By keeping the NATO Response Force on track for full operational capability in 2006, cajoling Allies to honour the commitments they made at the Prague Summit, and bolstering NATO’s presence in Afghanistan, NATO Secretary General Jaap de Hoop Scheffer has taken forward the reforms initiated by his predecessor Lord George Robertson. He has also moved significantly beyond his predecessor’s legacy by coupling reforms of Alliance capabilities with a renewed call for a more political Alliance and by accelerating NATO’s ongoing military transformation. Calls for a transformational political strategy have long been implicit in NATO military reforms, but it is only recently that NATO has been given an opportunity to position itself as the channel for common strategic activism, as Europeans have started to articulate their own version of pre-emptive, transformational engagement. Similarly, the opportunity for military transformation has improved due to broader transformational currents. Experiences in Iraq have shifted the focus of US force transformation bringing it closer to a vision which Europe is comfortable with and can contribute to.
The transformation challenge
Transformation is a continuous process undertaken to create or sustain competitive advantage when incremental changes are insufficient to deal with new challenges. It aims at enhancing existing capabilities or enabling new ones through synchronised innovations of processes, people, organisation and technology. This applies in both a business and a military context. Looking at the strategic environment today, the need for NATO to transform itself is clear. The fluid and complex post-Cold War security environment, which includes the threat posed by transnational and non-state competitors, led Allies to agree at Prague in 2002 on the need for deployable, integrated and sustainable forces. The NATO Response Force (NRF) is the primary engine for this transformation. Making the NRF function effectively requires technology change, for instance in the form of strategic airlift. It also necessitates people innovation in the form of personnel who can be deployed outside their national borders. And it demands process and organisation change, in particular in the form of investment in network-enabled capabilities.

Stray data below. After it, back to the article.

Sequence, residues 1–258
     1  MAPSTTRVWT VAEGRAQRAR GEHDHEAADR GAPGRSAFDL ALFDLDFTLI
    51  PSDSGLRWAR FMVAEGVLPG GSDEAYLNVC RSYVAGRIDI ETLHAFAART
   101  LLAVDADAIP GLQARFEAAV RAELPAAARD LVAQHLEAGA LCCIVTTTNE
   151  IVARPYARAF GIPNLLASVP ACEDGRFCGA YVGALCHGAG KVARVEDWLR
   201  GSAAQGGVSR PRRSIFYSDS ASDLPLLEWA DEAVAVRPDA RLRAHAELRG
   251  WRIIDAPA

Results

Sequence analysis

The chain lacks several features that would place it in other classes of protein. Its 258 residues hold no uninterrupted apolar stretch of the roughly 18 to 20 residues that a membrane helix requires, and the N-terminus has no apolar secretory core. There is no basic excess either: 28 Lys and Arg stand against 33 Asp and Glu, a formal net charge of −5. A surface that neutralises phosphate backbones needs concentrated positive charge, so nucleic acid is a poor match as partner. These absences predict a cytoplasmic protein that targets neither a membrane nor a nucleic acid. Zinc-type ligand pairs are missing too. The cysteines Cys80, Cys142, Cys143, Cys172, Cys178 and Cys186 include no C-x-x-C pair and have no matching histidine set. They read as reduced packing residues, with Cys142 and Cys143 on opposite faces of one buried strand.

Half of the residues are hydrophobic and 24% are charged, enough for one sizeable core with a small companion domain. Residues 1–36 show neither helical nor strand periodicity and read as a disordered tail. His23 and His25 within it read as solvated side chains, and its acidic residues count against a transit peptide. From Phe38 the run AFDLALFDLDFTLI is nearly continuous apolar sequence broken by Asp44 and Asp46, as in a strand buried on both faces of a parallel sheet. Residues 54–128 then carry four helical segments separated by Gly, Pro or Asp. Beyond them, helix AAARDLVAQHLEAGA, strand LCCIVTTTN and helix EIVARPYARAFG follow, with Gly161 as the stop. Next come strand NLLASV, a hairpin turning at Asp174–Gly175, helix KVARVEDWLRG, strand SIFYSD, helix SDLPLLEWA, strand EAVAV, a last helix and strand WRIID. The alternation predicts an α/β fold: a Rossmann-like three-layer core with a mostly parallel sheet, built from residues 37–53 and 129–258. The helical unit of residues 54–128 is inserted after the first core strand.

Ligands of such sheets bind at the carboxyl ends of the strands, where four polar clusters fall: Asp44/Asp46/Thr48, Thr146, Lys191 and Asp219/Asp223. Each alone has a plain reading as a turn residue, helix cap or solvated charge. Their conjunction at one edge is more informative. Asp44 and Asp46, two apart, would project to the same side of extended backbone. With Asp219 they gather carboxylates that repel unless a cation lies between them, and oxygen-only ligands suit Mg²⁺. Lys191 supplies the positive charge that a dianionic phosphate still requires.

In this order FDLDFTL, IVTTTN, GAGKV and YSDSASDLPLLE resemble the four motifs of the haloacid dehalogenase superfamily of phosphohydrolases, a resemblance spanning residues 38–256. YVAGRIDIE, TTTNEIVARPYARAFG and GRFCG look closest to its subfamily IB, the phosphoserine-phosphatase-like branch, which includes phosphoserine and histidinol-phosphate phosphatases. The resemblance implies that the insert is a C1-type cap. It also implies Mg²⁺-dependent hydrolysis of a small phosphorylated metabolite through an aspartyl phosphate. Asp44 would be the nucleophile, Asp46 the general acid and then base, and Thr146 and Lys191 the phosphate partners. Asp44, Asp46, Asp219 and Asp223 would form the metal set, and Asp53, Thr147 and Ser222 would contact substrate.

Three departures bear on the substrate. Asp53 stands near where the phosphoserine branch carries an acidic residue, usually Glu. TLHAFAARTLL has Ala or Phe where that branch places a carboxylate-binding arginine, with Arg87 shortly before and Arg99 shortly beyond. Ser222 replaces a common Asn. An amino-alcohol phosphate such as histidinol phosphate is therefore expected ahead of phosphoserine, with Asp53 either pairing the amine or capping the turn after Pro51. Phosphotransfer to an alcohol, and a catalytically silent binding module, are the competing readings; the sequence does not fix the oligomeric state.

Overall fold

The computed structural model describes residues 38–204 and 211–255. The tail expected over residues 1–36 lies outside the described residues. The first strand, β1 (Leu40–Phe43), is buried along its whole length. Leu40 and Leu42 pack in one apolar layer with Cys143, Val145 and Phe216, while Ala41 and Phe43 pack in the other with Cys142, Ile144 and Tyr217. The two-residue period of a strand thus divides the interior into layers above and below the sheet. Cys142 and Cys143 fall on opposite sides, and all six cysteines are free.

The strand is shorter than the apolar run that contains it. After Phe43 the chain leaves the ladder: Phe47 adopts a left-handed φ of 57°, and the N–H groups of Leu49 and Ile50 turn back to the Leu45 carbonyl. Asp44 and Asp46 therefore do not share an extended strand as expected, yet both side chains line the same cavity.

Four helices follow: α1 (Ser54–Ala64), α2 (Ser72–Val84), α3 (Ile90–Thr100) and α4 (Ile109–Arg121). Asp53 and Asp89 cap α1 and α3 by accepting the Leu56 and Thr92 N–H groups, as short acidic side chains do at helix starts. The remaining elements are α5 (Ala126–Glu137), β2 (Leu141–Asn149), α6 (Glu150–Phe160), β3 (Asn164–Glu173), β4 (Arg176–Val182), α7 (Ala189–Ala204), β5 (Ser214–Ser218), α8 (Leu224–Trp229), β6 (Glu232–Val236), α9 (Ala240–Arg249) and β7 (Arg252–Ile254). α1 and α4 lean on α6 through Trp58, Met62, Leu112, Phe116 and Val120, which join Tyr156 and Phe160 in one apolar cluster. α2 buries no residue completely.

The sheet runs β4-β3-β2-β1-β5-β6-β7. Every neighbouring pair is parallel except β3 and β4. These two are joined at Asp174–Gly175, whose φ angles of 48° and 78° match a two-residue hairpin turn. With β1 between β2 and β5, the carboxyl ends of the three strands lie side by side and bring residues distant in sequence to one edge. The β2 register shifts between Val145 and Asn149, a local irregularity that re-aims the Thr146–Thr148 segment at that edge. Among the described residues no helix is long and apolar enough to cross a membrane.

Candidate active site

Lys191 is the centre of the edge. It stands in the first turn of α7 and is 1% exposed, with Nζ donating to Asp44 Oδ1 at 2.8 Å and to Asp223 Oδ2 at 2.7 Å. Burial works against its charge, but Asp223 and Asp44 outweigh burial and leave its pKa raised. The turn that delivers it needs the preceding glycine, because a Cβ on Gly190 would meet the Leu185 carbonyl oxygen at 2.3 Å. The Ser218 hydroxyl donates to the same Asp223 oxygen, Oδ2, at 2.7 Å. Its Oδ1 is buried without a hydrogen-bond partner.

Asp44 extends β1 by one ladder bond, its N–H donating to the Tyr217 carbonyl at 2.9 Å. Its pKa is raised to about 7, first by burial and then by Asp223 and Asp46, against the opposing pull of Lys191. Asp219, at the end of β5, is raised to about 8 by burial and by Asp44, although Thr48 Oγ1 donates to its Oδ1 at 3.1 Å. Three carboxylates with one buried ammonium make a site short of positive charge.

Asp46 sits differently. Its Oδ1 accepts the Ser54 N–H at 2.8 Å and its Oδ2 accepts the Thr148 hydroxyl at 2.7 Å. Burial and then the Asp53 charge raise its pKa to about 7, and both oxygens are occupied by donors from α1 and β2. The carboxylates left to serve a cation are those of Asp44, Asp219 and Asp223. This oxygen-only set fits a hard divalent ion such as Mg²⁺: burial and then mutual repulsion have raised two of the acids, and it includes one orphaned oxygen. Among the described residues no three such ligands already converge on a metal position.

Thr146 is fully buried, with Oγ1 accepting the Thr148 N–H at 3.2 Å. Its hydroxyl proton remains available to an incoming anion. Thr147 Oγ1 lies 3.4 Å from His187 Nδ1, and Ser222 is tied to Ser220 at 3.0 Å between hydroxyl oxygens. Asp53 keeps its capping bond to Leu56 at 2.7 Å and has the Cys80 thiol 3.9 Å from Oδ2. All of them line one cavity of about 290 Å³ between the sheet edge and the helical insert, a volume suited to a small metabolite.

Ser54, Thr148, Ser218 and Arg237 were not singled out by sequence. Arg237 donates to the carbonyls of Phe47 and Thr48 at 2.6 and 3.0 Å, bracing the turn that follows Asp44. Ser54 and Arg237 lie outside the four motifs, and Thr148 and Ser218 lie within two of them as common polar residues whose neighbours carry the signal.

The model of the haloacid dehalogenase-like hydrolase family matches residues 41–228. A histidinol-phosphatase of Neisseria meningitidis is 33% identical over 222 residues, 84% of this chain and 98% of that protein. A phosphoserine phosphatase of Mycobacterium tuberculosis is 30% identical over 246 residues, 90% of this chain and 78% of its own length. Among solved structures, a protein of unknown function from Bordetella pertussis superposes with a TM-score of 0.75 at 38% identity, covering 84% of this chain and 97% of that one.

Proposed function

Matching capabilities to commitments
relevance is increasingly measured in terms of its
ability to conduct crisis-response operations. As a
result, the Alliance is continually seeking to improve
its operational effectiveness. In particular, Allies
need to address the gap between political commitments
to launch operations and the provision of the forces
that the operations require. Efforts are currently
being made to improve NATO's force-generation process,
as well as to increase the usability of Allied forces.
Since the Istanbul Summit, NATO has been preparing
a Comprehensive Political Guidance document to provide
direction to the development of future Alliance military
forces and capabilities, planning and intelligence.
These initiatives are important elements in matching
Allied capabilities to commitments, but will require
political will to succeed.